The clubs should have got their houses in order as soon as HMRC lost its preferential status in insolvency cases in The Enterprise Act of 2002. Whereas it had once been at the front of the queue when a company went bust, it was now in the scrum with all the other creditors.

This had enormous implications for the national game because of league rules about paying all football-related debts (wages, transfer fees and so on) first and in full. At a stroke, the HMRC's indulgence of club debt was over, and who could blame it, particularly when faced with the well-intentioned but morally unjustifiable practice of putting footballers first.

This season's spate of tax crises is part of the post-2002 trend but it is also a more acute response to the global downturn and this country's ravaged finances. Every penny counts.

Pompey defender Sol CampbellFormer star Sol Campbell claims Pompey owes him £1.7m in unpaid image rights and bonus payments

It is ironic that another of Pompey's problems is a lawsuit for unpaid image-rights payments to Sol Campbell. There are many at the Treasury who feel image-rights clauses in contracts are a con to avoid tax, particularly as the cash is usually paid to off-shore accounts. One of the juicy details to emerge from the Manchester United bond prospectus is that HMRC is investigating £5m-worth of these payments at Old Trafford.

Another factor to consider is the timing of Portsmouth's hearing. HMRC knows its transfer windows and clearly feels calling in its debts whilst the indebted have a chance to do something about it is a canny move. Further player sales seem inevitable if Pompey are to avoid the fate of becoming the first Premier League to enter administration.

That, of course, would increase the likelihood of relegation, a Domesday scenario for a club as indebted as the 2008 FA Cup champions. If that happens "doing a Leeds" might be the best Pompey's blameless fans can hope for, as doing a King's Lynn is...well, let's not go there.

We should remember in all this that football is only being asked to do what the vast majority of us do as a matter of course. Former US President Franklin D. Roosevelt once said taxes "are dues we pay for the privileges of membership in an organised society". That is something Pompey, and football, should ponder.

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  • Comment number 1.

    I just wish the premier league would take some responsibility. Their "Fit and Proper" test clearly isn't up to scratch having let 2 new owners take over Portsmouth without any finance to put into the club!

    The Premier League want shot of PFC they are withholding money from the club as they have no faith in the owners they allowed to take over. I dont think we should get any special treatment but not even letting us get in a loan or two means even if we sell our players we may not even be able to put out a full team and bench.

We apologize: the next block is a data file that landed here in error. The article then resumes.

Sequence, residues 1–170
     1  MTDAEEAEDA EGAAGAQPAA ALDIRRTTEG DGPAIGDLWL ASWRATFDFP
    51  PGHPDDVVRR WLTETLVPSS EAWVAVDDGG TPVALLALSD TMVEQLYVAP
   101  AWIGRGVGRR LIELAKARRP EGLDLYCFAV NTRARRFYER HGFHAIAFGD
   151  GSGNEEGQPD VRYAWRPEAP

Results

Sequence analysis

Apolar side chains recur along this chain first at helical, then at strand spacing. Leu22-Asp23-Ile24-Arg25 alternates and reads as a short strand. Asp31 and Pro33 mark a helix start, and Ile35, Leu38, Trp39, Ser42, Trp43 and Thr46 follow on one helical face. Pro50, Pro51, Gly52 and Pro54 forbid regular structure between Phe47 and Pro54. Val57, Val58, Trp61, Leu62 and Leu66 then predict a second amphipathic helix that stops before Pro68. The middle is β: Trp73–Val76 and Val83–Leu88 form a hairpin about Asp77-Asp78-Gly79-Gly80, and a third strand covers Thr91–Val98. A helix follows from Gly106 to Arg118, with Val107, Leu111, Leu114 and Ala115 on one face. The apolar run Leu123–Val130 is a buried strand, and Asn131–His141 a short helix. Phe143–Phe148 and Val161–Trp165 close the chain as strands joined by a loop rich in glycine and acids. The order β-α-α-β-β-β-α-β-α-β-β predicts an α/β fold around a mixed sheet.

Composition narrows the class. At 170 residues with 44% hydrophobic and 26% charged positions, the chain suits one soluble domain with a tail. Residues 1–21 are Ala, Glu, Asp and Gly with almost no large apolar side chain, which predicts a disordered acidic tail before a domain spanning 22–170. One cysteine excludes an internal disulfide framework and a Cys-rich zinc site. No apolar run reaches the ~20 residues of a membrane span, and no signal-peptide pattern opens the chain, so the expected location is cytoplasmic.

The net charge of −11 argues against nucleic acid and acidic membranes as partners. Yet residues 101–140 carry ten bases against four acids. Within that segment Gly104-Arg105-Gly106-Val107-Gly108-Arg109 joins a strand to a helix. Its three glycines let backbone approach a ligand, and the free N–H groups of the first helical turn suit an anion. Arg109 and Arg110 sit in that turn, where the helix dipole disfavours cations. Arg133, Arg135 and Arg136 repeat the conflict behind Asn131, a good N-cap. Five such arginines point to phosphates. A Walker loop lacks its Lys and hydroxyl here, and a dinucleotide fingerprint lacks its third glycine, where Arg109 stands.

The Premier League is now a joke, all of the clubs are in huge debt and Portsmouth will not be the last club to implode. Until Football clubs realise they are businesses and should be run as such the fans will be the ones who ultimately suffer.

  • Comment number 2.

    Stepping back from our love of football and our own clubs for a moment, but it is obscene that so many clubs either defer or refuse to pay basic things like their taxes.

    I understand that in business law, there are lots of ways round paying taxes and many companies do it, but if a football club portrays to be part of the community, then it's just wrong they are paying massive wages and payments to players and agents ahead of their tax responsibilities.

    I'm sure the Customs and Excise are fed up to the back teeth of giving clubs deadline after deadline and I can't blame them for now taking it to the courts.

    After all, I very much doubt the Taxman would be as easy going with you and me if we didn't pay our dues.

  • Comment number 3.

    more red tape please, if the problems have been identified as as poor financial management then develop relevant policy and training etc football is becoming a joke like the banks they've borrowed from

  • Comment number 4.

    This may surprise some but as a Leeds United supporter the Taxman is right to act in this way (and its a lot down to Mr K W Bates cavalier use of the CVA process).

    The real issue isn't tax for Portsmouth its paying fringe players like Utaka £80k a week!!

  • Comment number 5.

    Should have paid their tax on time shouldn't they - everyone else has to

  • Comment number 6.

    I might not fully get the situation, but my humble understanding is that the problem as Portsmouth was created well before the new owners took over.

    It was during Harry Rednapp's era that players were bought with massive wages (which in reality the club cannot sustain).